Staff are on standby to open emergency clinics in other towns if the need arises.
The humanitarian assistance scheme is demand-led and emergency payments have already been made to 270 households, with expenditure of more than €235,000 to date. These are mainly payments covering essential items, including clothing, food, toiletries, meals for families relocated to emergency accommodation and fuel. To date, most support has been provided in Galway, Cork and County Mayo. However, support has also been provided to affected households in other counties, including Tipperary, Westmeath, Clare, Kerry, Kilkenny, Waterford, Wicklow, Sligo and Roscommon. A breakdown by county of the payments made to date has been circulated to the committee for information purposes.
In dealing with emergency events of this nature, the Department generally adopts a three-stage approach. Stage 1 is to provide emergency income support payments in the immediate aftermath of the event to cover needs such as food, clothing, toiletries and fuel. Stage 2 generally involves the replacement of white goods, basic furniture items and other essential household items after the flood water abates and the houses have dried out. Stage 3 is to identify what longer-term financial supports or works are required. These can include plastering, dry lining, relaying of floors, electrical rewiring and painting. Throughout this process, the staff engage with the local authorities and other agencies to ensure supports are provided to persons affected as swiftly as possible. It is expected that the number of claims and the costs in respect of the current flooding will increase in the coming weeks as we move into making stage 2 and stage 3 payments, which, as already stated, cover the replacement of furniture and white goods and longer-term financial supports. Householders seeking assistance under the scheme are being advised to contact their local Department of Social Protection office, which will be able to offer assistance. Contact telephone numbers are also available on the Department's website. All the local authorities and emergency personnel have all the key local contact details.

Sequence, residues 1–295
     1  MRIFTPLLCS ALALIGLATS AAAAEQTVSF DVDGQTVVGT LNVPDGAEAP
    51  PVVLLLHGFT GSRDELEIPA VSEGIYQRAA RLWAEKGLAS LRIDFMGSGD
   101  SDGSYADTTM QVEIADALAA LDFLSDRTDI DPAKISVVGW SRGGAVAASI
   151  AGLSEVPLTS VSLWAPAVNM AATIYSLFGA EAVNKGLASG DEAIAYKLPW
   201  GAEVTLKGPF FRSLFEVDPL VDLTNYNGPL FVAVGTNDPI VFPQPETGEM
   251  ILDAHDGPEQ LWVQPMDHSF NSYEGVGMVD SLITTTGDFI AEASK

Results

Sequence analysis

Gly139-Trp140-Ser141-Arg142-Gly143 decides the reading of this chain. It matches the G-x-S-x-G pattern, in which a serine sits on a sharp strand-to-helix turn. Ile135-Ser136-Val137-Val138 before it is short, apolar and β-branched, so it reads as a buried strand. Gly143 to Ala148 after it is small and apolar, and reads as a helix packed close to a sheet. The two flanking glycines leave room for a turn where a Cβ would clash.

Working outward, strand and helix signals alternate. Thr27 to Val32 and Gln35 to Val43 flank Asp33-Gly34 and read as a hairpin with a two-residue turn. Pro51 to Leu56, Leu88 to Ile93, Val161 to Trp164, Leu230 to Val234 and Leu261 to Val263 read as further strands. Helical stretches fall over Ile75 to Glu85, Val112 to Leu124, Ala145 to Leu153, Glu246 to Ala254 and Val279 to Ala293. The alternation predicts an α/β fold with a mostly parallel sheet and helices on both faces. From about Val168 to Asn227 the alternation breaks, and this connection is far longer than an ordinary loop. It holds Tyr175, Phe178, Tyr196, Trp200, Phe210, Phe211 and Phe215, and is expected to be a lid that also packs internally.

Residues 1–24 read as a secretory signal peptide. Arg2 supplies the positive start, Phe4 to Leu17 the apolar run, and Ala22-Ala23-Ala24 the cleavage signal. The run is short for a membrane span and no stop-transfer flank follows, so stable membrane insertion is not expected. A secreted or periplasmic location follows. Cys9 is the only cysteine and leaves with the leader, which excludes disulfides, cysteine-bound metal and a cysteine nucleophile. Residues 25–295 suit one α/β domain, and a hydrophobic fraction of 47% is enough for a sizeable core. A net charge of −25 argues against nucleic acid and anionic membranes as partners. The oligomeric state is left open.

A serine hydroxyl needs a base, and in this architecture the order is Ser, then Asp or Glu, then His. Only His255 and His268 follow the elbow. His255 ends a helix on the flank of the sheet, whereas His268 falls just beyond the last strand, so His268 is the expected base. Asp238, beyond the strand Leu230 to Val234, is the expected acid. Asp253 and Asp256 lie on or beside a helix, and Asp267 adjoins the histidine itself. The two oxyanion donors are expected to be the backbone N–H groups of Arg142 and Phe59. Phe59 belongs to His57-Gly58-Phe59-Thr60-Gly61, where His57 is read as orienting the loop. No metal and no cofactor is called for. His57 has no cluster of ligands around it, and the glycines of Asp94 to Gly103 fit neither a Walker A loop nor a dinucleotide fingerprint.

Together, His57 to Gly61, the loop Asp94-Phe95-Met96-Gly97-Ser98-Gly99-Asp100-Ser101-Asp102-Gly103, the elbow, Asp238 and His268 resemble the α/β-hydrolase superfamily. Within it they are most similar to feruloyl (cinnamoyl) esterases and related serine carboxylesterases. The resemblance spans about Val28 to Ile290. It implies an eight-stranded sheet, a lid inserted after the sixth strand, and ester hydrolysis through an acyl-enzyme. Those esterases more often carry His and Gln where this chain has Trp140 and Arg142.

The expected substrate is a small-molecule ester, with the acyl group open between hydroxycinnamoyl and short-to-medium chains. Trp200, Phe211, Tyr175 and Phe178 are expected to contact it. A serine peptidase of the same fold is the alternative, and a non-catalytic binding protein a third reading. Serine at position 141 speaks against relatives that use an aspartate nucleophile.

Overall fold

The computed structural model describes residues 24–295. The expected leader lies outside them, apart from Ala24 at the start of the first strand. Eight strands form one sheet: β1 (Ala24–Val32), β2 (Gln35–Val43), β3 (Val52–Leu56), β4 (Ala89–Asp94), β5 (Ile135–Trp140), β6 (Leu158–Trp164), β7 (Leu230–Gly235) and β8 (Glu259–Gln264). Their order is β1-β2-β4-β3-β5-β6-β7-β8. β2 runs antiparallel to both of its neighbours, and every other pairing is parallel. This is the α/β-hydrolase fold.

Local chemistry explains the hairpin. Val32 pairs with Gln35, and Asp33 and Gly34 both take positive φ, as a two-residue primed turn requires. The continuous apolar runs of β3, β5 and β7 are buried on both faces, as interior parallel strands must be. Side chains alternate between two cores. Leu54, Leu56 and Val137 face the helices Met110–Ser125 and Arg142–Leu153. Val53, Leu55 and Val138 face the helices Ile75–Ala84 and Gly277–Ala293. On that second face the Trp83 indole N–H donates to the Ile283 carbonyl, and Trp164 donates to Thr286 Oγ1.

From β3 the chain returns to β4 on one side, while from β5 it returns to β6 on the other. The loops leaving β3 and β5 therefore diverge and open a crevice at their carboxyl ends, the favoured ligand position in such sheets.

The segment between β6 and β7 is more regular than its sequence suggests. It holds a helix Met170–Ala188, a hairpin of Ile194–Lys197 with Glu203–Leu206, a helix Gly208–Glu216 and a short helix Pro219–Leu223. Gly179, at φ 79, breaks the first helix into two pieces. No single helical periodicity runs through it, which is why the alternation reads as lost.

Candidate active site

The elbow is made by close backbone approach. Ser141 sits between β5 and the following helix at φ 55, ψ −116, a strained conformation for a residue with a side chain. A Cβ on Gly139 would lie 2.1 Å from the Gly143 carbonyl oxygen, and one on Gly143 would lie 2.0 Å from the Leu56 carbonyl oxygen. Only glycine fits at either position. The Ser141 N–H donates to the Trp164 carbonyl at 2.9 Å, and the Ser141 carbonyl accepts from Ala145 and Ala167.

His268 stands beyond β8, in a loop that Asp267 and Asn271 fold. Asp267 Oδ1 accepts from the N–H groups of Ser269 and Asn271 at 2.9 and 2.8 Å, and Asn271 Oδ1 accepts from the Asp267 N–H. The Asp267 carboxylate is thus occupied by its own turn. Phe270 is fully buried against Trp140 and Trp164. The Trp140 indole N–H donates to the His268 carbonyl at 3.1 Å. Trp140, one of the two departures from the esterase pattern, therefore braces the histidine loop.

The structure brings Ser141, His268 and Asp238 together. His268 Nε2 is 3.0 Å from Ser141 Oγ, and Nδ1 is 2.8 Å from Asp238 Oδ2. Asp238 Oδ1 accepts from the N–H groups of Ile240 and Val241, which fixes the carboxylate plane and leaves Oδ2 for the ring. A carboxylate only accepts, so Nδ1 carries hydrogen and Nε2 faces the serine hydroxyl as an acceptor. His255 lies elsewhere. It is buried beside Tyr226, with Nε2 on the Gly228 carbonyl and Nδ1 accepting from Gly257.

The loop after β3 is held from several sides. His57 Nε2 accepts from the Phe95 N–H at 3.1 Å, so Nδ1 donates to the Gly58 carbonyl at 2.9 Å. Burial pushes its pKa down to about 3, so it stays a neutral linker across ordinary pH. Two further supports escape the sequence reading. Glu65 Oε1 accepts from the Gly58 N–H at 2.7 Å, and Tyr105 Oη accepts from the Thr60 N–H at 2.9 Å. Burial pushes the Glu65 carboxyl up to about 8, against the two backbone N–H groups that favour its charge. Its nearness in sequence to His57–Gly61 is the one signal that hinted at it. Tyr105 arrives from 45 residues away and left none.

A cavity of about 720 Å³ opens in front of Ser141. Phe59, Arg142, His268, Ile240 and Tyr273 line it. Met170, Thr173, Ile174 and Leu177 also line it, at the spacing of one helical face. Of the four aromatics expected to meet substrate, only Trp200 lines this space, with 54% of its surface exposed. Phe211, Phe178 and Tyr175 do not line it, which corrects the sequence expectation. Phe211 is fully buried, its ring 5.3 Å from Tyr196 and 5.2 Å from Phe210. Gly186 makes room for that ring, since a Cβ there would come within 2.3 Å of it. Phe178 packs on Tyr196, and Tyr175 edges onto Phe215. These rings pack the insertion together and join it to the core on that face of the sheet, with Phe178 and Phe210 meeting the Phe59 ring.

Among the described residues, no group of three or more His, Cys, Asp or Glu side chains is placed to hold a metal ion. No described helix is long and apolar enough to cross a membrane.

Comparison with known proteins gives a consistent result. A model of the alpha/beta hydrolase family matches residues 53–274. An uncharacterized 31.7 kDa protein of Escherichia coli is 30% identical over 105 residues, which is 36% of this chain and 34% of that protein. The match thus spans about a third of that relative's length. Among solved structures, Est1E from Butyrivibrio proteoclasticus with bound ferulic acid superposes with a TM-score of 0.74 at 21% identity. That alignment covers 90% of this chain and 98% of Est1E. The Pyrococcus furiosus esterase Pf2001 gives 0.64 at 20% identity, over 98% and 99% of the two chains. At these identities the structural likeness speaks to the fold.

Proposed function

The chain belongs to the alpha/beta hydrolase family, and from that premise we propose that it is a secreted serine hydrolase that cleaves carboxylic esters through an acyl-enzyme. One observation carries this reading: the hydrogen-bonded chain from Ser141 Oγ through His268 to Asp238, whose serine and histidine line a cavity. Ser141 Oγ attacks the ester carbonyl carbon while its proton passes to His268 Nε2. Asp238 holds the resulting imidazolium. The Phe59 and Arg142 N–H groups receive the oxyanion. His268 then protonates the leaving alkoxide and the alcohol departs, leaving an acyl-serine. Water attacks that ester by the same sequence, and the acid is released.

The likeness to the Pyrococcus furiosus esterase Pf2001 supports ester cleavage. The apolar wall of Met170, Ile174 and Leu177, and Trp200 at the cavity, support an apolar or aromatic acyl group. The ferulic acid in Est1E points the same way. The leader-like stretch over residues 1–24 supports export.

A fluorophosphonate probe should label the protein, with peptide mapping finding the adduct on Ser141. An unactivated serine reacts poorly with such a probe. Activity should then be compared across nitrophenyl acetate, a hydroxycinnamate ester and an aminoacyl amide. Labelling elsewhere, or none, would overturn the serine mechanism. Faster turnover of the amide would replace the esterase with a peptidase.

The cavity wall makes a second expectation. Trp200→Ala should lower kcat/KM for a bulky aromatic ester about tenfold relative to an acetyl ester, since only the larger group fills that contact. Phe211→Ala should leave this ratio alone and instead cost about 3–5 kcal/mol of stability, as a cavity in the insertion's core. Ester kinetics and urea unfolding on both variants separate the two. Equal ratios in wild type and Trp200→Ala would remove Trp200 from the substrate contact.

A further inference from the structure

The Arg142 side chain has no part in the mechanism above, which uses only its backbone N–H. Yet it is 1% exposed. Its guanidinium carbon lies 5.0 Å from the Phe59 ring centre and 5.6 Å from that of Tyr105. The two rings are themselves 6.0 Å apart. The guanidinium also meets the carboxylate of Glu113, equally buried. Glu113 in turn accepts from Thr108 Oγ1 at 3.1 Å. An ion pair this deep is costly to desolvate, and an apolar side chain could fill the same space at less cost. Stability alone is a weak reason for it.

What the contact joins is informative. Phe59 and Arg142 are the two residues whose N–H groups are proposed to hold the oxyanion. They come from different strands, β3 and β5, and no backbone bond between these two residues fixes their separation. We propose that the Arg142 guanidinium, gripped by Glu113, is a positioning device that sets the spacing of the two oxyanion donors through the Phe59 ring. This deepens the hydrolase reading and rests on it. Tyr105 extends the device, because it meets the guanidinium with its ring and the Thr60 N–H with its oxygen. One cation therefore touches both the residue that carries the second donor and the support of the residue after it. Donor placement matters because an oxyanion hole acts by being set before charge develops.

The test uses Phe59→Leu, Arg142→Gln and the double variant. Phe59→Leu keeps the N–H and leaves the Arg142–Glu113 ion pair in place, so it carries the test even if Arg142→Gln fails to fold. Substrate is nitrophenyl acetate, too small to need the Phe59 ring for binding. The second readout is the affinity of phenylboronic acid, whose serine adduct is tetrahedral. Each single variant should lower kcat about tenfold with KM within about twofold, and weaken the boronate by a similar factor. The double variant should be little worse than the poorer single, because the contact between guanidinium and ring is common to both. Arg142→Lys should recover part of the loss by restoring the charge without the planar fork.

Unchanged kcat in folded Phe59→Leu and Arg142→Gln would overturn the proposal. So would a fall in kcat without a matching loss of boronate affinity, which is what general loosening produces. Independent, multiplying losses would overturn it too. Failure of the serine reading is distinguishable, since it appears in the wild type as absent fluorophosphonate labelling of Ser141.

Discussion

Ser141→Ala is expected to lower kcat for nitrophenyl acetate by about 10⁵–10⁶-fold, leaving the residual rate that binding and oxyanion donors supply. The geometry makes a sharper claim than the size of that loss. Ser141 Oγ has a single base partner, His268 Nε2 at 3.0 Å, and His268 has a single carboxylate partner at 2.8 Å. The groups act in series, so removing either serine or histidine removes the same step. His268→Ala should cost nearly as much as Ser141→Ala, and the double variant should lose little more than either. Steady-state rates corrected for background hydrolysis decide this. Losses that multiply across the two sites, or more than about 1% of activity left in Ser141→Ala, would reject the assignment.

Assistance is not provided under this scheme for losses covered by insurance, commercial or business losses or, generally, any loss or damage to private rented accommodation or local authority accommodation. As the committee will be aware, there is a separate emergency scheme for small businesses and community, voluntary and sporting bodies affected by the recent flooding operated on behalf of Government by the Irish Red Cross. The Department of Agriculture, Food and the Marine has put assistance measures in place for the farming community as well in respect of animal welfare and fodder aid. In the case of farms, support can be provided under the Department of Social Protection scheme towards the family home.
I assure the committee that the Department is providing reassurance to householders that financial support is available and is continuing to engage with the local authorities, An Garda Síochána and other emergency personnel to ensure that all available supports are provided to households affected by the recent flooding. I hope this has been of assistance and we are happy to answer any questions.